As promised, here is the follow-up to my Zagreb Retrospective. We’ve spent the last 10 days in Dalmatia, the region of southern Croatia, and there is so much to see and do. I’ll also quickly review highlights from our time in Istria just to round it all out. If you get the chance to visit this lovely country, make sure to explore beyond the main tourist-filled parts. You won’t regret it.
Kozlović Winery: one of the more beautiful wineries we’ve visited, the scenery is everything here. The wines are tasty and the staff friendly, but you’ll mostly be left to your own devices.
Clai Winery: we bonded with our tasting helper over Clai’s delicious and unique wines. This winery has a great story, and still feels family-owned (even though it’s not anymore). The views are stunning and you’ll feel most welcome.
Wine Station Trapan: set amid extensive, flat fields just outside Pula in the southern region of Istria, this winery is just different. It’s a bit irreverent, a bit sassy, but completely delicious and rewarding. Our helper was fantastic and fun, and the owner is incredibly friendly and helpful.
See the Roman amphitheater: this well-preserved remnant of Pula’s Roman past transports you back to the 1st century B.C.E. You can climb up the steps, venture down below where they exhibit many wine and olive oil presses, ceramics, and other finds, and marvel at the architecture.
Visit Grožnjan: this small, walled city perched on top of a hill is simply enchanting. No cars drive through the tiny streets, and numerous art galleries are tucked into old stone buildings. Leave plenty of time for wandering, browsing, and photographing. You won’t want to leave, and the views across Istria are amazing.
Azur bistro: have you ever had Asian-Dalmation fusion cuisine? We hadn’t either, but it was pretty delicious. Fish and chorizo tacos, smooth and well-spiced tom yum, veggies and rice noodles topped with prawns…the list goes on. Sitting under a giant fig tree on a tiny side street didn’t hurt.
Walk the city walls: take your time, and prepare to take lots of photos. The views are classic and yet unique. Get the inclusive 24-hour (or multi-day) pass – it’s worth it if you go to a few other things (like the Rector’s Palace and Maritime Museum).
Visit Fort Lovrijenac: it’s not just cool because of Game of Thrones. The views are amazing, and the architecture is well-preserved and impressive. It’s not usually that crowded, either.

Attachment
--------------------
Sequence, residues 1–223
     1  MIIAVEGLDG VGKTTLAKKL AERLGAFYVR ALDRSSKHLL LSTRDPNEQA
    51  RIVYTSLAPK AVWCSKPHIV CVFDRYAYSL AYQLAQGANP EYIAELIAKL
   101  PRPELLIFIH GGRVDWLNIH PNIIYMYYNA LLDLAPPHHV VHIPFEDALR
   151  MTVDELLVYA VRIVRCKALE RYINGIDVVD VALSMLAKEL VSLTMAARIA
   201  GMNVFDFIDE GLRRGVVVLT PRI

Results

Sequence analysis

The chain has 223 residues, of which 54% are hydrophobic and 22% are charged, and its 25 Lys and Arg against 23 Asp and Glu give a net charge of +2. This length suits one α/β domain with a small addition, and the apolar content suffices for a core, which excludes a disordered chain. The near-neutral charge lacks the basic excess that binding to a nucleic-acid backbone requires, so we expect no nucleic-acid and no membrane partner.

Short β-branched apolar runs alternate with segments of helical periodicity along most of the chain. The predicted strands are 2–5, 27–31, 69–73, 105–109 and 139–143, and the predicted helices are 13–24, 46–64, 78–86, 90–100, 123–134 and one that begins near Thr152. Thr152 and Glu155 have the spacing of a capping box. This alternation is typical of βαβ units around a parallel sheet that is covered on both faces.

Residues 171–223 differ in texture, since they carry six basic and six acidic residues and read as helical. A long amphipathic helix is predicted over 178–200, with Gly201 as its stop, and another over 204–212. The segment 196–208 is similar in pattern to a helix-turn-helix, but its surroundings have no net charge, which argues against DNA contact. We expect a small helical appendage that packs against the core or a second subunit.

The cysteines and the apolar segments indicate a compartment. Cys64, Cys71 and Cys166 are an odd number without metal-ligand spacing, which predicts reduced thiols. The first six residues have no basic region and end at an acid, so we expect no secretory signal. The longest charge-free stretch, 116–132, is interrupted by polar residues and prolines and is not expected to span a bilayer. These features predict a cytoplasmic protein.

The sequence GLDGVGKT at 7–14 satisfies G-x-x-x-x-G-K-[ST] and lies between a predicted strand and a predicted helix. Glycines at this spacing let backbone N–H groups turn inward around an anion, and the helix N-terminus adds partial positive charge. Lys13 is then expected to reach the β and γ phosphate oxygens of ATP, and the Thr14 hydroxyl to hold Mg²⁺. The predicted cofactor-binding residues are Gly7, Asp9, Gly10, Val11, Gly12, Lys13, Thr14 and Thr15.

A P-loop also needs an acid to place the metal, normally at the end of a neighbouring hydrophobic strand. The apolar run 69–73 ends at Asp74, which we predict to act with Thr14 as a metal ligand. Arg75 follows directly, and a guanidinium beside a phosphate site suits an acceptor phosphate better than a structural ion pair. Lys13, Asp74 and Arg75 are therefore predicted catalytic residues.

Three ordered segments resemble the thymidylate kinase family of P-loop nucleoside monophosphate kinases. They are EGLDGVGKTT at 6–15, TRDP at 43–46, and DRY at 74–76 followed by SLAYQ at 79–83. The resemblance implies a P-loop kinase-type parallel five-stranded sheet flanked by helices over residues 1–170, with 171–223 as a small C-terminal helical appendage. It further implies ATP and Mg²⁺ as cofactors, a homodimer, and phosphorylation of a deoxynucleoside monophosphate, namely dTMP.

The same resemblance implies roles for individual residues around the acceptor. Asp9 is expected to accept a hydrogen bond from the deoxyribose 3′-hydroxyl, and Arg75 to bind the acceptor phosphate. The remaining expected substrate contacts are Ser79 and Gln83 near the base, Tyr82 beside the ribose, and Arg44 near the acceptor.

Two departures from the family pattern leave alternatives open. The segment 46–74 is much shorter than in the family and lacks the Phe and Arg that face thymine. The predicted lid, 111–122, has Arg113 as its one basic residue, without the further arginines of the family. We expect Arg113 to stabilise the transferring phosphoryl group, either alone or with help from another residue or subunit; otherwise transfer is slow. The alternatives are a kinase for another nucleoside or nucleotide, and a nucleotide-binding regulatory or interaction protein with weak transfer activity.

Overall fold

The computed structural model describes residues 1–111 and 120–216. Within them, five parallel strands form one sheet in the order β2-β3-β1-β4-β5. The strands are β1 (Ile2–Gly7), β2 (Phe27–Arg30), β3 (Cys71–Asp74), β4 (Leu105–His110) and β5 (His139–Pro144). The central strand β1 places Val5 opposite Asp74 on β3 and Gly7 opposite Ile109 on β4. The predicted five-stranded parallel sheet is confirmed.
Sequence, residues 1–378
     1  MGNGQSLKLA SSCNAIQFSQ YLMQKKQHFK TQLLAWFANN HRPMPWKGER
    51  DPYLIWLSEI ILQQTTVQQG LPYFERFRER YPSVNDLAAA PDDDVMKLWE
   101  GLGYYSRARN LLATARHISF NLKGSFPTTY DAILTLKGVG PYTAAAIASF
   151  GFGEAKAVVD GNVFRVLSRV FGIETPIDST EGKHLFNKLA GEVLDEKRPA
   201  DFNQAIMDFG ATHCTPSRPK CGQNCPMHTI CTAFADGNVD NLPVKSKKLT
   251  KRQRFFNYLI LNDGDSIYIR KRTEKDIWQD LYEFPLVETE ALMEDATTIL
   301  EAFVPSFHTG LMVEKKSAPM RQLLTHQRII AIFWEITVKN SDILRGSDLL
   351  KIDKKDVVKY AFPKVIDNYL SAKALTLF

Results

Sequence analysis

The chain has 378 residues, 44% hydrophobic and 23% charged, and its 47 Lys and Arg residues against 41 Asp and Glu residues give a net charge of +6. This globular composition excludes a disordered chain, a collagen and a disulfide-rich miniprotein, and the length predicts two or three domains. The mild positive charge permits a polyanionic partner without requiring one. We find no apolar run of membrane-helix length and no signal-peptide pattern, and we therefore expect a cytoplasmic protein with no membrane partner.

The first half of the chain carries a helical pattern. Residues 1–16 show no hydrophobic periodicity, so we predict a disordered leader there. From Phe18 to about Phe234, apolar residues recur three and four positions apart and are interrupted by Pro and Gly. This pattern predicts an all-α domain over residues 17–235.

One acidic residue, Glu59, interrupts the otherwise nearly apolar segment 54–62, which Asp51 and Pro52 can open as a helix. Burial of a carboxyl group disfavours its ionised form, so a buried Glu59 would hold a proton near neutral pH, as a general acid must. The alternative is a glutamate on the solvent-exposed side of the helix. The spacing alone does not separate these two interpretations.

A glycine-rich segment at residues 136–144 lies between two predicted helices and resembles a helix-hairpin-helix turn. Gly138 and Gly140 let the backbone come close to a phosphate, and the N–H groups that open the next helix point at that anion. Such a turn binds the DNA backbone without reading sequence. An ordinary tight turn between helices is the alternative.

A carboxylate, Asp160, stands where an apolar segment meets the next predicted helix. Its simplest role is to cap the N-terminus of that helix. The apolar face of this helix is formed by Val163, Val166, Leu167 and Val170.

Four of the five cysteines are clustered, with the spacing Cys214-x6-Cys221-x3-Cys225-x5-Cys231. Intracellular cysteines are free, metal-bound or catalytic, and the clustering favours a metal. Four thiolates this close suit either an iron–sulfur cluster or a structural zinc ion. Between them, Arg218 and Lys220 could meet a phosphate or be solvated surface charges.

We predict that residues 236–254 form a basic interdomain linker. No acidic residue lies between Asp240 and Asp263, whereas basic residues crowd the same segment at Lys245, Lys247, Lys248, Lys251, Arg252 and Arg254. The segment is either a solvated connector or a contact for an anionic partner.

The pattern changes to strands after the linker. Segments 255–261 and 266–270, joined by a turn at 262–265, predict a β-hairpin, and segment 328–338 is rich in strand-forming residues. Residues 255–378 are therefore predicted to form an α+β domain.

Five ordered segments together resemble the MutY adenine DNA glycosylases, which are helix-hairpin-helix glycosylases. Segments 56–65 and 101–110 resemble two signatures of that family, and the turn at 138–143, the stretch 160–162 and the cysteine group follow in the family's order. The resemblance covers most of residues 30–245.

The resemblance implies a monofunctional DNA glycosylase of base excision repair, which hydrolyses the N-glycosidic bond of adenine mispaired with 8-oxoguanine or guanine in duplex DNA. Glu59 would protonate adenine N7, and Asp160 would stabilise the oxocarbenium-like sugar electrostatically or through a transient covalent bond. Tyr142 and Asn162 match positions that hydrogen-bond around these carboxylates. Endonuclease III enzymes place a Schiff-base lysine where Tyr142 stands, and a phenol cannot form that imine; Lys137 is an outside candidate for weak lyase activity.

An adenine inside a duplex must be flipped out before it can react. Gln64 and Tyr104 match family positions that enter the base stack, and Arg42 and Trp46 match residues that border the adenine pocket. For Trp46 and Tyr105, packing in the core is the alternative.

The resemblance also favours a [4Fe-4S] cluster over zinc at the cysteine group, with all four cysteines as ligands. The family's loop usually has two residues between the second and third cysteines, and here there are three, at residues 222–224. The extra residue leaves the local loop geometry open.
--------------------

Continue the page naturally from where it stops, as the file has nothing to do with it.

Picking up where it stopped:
Chill out at Buža bar 2: there’s no better place to chill out with a beer, some wine, whatever – just bring your own, as the prices are pretty steep. It’s very informal, with just a small kiosk selling drinks. If you go to the proper Buža bar, you’ll have to buy their drinks, as it’s an actual restaurant/bar.
Hula Hula Bar: be ready to spend some serious cash, but enjoy the incredible location and views while you’re at it. People watching at this hot spot is superb, and you’re bound to make some friends. The tropical drinks are zesty but spendy, and the who’s-who of Hvar will likely show up around sunset.
Dalmatino: some of the best service we’ve experienced anywhere. Tasty and fresh food along with several complimentary drinks throughout the meal make it stand out even more. We had a lovely lunch and would’ve come back for dinner if we’d had more time.
Fig Café: want to feel at home, even when so far away? Go to tiny Fig café and start chatting with people. Groups waiting for seats perch next to some of the tables, and conversations start easily. The owner of the restaurant is a Californian transplant, and he’ll sit and chat with you for as long as you like. The chef is brilliant and incredibly nice as well.
Hike up to the fortress: for excellent views over the city of Hvar, hike up the steep but relatively small hill just outside the old town. Reviews often advise against paying to go inside, but ignore them – it’s worth it. The dungeon is great and you’ll see everything from up on top of the walls.
Find your beach: if you walk around the bay and out of town to the right, you’ll come across numerous flat stone “beach areas” and several pebbly beaches. Take your pick sand settle in for the day. Bring your own beverages and snacks, too. The water is chilly but perfect and clear.
Go diving: we met a group of divers at dinner (at Fig café) and they invited us to come diving with them at Viking Diving the following day. We couldn’t say no, so Joe learned how to dive – and I got a major refresher! It was amazing to get back in the water. It’s so clear – visibility is around 20m – and there are lots of fishes to see.
Split and Environs
Cathedral and tower of St. Domnius: buy the all-inclusive ticket and gain access to the cathedral, bell tower, crypt, treasury and baptistry. Climbing up the bell tower’s narrow, steep steps is an experience all visitors to Split should have. The Cathedral, once Diocletian’s mausoleum, but repurposed for Christianity, is different and beautiful.
Basements of Diocletian’s palace: another filming location for Game of Thrones, these seemingly endless and cavernous halls and magazines spread below the vast palace. The architecture itself is the most impressive part – just imagine how long it took to excavate!
Plitvice lakes: do you want to see the most beautiful lakes on the planet? Then you must visit Plitvice National Park. The shockingly clear, turquoise pools and rushing waterfalls will not disappoint. It can be crowded in high season, but do the upper lakes first. It’s a magical experience.